Wednesday, June 13, 2012

Part Twenty-Seven, Chapter Eight - The Console Organ of Bad News

Gris and Bury go to the Slime-Tripe Magazine Building, which is literally just across the street from the offices of Octopus Oil.  "The building reared in limestone, aluminum and glass splendor.  We entered a huge lobby done in polished and dulled stainless steel."  Wait, what?  How can it be both polished and dulled?

This structure of paradoxes publishes magazines such as Slime, Tripe, Riffraff, Dirt Illustrated and Misfortune.  Apparently in the grim dark future of 2010-ish, publishers will go completely negative and stop trying to hide the fact, while the reading public will lower their standards and willingly purchase a magazine entitled Slime.  And I guess people are eager to read about Riffraff instead of Hollywood's latest batch of celebrities.

Bury and Gris take an elevator up an undisclosed number of floors and pass through a room reeking of marijuana and opium, as opposed to heroin, which still holds rural Virginia in its hoary clutches.  There are people in there, in blindfolds, being led by others in blindfolds.  Where are they going?  Why have they all blinded themselves?  No clue, they only appear for one line and have no further relevance to the chapter.  But it's certainly some clever imagery used for insightful commentary!  About how journalists are blind and helpless, reliant on editors who are also blind... or something.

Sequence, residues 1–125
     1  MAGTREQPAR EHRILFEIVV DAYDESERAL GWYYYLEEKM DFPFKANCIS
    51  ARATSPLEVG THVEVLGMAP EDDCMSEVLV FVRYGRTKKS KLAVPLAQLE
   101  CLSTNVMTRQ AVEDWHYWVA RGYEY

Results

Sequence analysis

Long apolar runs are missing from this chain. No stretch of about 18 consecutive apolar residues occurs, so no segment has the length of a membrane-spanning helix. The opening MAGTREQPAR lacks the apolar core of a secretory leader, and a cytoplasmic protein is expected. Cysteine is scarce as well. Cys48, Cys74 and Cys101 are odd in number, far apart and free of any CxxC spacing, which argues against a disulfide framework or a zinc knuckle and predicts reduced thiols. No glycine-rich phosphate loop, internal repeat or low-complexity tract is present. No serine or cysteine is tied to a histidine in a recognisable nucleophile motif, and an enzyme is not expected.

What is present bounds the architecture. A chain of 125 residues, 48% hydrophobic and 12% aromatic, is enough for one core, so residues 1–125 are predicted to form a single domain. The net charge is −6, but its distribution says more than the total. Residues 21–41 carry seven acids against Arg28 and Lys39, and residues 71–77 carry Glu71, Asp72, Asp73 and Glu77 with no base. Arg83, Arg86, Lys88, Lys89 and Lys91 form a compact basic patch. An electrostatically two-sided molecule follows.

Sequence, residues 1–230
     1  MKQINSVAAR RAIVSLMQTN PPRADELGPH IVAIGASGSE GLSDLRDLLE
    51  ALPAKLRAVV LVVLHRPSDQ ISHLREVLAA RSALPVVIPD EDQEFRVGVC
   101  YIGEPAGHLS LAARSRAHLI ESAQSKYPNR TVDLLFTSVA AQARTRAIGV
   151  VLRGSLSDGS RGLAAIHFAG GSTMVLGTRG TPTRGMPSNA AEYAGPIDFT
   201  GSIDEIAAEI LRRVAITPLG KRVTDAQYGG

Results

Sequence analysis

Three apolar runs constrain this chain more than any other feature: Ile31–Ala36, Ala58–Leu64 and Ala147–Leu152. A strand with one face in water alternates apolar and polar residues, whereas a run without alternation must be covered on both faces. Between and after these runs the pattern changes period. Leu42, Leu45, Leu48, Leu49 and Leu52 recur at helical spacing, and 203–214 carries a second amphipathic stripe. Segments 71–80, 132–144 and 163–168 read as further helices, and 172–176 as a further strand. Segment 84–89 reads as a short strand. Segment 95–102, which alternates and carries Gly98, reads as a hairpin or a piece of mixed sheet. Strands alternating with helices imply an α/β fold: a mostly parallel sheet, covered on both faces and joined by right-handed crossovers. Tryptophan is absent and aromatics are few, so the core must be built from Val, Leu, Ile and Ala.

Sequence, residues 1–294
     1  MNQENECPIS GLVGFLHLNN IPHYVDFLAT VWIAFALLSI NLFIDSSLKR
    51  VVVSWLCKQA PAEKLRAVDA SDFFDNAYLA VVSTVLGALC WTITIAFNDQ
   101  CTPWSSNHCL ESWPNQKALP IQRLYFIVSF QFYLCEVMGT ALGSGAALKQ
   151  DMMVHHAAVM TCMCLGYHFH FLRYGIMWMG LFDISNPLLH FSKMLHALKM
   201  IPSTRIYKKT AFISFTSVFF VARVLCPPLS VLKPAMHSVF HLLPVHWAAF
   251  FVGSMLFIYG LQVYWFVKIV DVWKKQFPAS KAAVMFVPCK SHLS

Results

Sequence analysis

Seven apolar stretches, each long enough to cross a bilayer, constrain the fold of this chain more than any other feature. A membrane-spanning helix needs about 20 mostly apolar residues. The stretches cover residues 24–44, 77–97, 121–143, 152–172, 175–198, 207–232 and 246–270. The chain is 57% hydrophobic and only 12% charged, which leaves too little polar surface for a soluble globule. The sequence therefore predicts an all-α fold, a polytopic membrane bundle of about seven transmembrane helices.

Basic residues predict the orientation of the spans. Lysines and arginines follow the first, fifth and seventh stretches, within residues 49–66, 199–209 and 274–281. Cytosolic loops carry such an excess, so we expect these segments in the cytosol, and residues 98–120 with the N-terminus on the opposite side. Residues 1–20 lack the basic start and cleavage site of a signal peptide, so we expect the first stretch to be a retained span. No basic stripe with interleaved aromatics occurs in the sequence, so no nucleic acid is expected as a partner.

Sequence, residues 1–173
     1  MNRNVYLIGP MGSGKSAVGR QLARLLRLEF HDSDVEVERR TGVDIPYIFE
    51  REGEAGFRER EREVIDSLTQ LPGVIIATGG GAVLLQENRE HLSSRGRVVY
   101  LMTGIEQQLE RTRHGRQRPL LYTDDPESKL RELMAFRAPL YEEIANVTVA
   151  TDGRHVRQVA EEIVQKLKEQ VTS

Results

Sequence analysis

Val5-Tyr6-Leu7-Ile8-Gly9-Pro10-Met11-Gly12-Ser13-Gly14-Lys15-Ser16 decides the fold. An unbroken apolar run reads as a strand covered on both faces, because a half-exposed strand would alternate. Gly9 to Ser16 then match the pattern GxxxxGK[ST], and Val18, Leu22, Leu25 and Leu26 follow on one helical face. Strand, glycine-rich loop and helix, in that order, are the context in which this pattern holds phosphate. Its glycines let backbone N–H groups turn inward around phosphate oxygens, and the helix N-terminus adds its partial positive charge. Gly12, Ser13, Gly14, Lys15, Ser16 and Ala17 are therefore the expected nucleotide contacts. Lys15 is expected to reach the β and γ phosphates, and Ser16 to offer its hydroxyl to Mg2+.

Just visible past the drug haze are signs bearing the magazines' slogans: "All the News That Gives You Fits," "Unreality is the Only Reality" (what), "Slime, the Magazine That Doesn't Lie or Cheat Anyone But Its Public," "Always Check Your Facts in the Coatroom and Then Write Your Story," "They Want Blood, Give it to Them--Even If It Is Your Own."  See, in the future readers will seek out publications that explicitly tell them that they will be lied to.  Reflecting the magazines' priorities are the staff's doors - Libeller in Chief, Scurrility Editor, not to mention Head Pervert.  In the future, instead of reading about perverts being put on trial, the reading public will want to read stories written by perverts.

It goes without saying that despite being able to identify the clouds of smoke as coming from heroin and marijuana, the drugs will have absolutely no effect on Mr. Bury, to say nothing of Gris, who is a Voltarian and as such particularly vulnerable to such drugs' effects.